“Look upon the Word of Wisdom as more than a commonplace thing. I regard it as the most remarkable document on health of which I know. It came to the Prophet Joseph Smith in 1833, when relatively little was known of dietary matters. Now the greater the scientific research, the more certain becomes the proof of Word of Wisdom principles. The evidence against tobacco is now overwhelming. … The evidence against liquor is just as great” (in Conference Report, Apr. 1998, 67; or Ensign, May 1998, 49–50).

Ask:

  • What are examples of things not mentioned in the Word of Wisdom that are forbidden by the prophets today? (Illegal drugs, abuse of prescription drugs.)

  • How would you respond if today’s prophet forbade the use of one of your favorite foods as part of the Word of Wisdom?

Point out that early Saints exhibited faith by obeying this revelation without knowing all the reasons why. Ask: How should we respond to commandments from our Heavenly Father? Testify that even if we do not understand all the reasons for a commandment, the Lord will bless us when we obey (see Moses 5:6).

Doctrine and Covenants 89:3–21 (Scripture Mastery, Doctrine and Covenants 89:18–21). The Word of Wisdom is given for a principle with promise, providing both physical and spiritual blessings.

(25–30 minutes)

Tell students: Imagine you found a box of treasure that you could keep.

  • What would you hope to find in the box? (List responses on the board.)

  • Why do you consider these items treasure?

  • What does the word treasure mean? (Have students come up with a definition, and write it on the board.)

Invite students to watch for a list of treasures in section 89.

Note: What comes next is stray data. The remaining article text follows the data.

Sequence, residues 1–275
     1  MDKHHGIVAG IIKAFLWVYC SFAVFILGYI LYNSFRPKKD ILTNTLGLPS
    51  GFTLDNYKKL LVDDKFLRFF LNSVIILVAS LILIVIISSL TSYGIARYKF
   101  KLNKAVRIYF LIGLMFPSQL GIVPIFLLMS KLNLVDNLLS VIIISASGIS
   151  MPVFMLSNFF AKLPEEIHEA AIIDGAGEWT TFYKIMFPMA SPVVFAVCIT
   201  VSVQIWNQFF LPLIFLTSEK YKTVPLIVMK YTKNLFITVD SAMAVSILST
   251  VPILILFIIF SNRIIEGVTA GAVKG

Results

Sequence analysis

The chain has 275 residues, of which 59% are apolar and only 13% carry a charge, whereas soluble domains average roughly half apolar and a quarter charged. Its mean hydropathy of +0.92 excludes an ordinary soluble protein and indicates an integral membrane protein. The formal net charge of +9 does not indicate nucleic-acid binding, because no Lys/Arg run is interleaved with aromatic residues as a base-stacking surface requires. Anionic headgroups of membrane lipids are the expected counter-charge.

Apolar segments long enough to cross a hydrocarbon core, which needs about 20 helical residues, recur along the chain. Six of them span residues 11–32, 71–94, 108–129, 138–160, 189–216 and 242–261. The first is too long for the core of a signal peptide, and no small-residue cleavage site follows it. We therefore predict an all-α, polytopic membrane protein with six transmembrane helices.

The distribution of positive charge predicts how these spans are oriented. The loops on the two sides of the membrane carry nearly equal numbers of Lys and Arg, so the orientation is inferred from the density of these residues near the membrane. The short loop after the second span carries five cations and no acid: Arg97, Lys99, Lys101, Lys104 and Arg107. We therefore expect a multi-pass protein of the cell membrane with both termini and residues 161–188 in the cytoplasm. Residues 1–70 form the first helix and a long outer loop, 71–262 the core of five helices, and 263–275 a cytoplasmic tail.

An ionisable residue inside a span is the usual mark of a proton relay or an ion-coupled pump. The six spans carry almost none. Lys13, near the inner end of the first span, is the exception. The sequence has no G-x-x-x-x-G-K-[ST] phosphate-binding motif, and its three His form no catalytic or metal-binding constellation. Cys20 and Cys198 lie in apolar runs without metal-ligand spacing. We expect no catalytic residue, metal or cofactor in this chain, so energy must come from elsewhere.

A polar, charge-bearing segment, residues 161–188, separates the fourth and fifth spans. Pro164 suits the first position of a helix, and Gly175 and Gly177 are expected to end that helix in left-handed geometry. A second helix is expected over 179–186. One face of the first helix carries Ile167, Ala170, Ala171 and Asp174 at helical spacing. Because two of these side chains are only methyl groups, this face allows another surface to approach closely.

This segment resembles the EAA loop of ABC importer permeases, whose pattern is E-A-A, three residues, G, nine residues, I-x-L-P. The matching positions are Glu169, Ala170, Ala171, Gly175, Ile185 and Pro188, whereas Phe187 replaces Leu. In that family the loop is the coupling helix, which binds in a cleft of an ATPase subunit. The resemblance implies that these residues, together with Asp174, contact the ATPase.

Ask what section 89 teaches. Invite a student to read the historical background for section 89 in Doctrine and Covenants Student Manual: Religion 324–325 (p. 206). Read and discuss verses 1–2, referring to the first two commentaries for verse 2 in the institute manual (p. 207).

Invite students to discuss some of the physical blessings they have received from obeying the Word of Wisdom. Read verse 3, and suggest students mark the phrase “a principle with promise.” Have them mark the reference to verses 18–21 in footnote 3a. Have them read verse 18 to find what principle the Lord is speaking of. (“Do[ing] these sayings” and “walking in obedience to the commandments.”) Read verses 18–21 and list on the board the promises made to those who obey the Word of Wisdom. Suggest students mark these promises in their scriptures. Have them tell what each of these promises means to them. Ask: Are most of these blessings physical or spiritual? Share the following statement by President Boyd K. Packer, Acting President of the Quorum of the Twelve:

“[In addition to health] there is a greater blessing promised in the Word of Wisdom. Those who obey it are promised that they ‘shall find wisdom and great treasures of knowledge, even hidden treasures’ (D&C 89:19). This is the personal revelation through which you can detect [temptations] or other dangers” (in Conference Report, Apr. 1996, 23; or Ensign, May 1996, 19).

Earlier, as a member of the Quorum of the Twelve, Elder Packer said:

“Our physical body is the instrument of our spirit. In that marvelous revelation the Word of Wisdom, we are told how to keep our bodies free from impurities which might dull, even destroy, those delicate physical senses which have to do with spiritual communication.

“The Word of Wisdom is a key to individual revelation. It was given as ‘a principle with promise, adapted to the capacity of the weak and the weakest of all saints’ (D&C 89:3).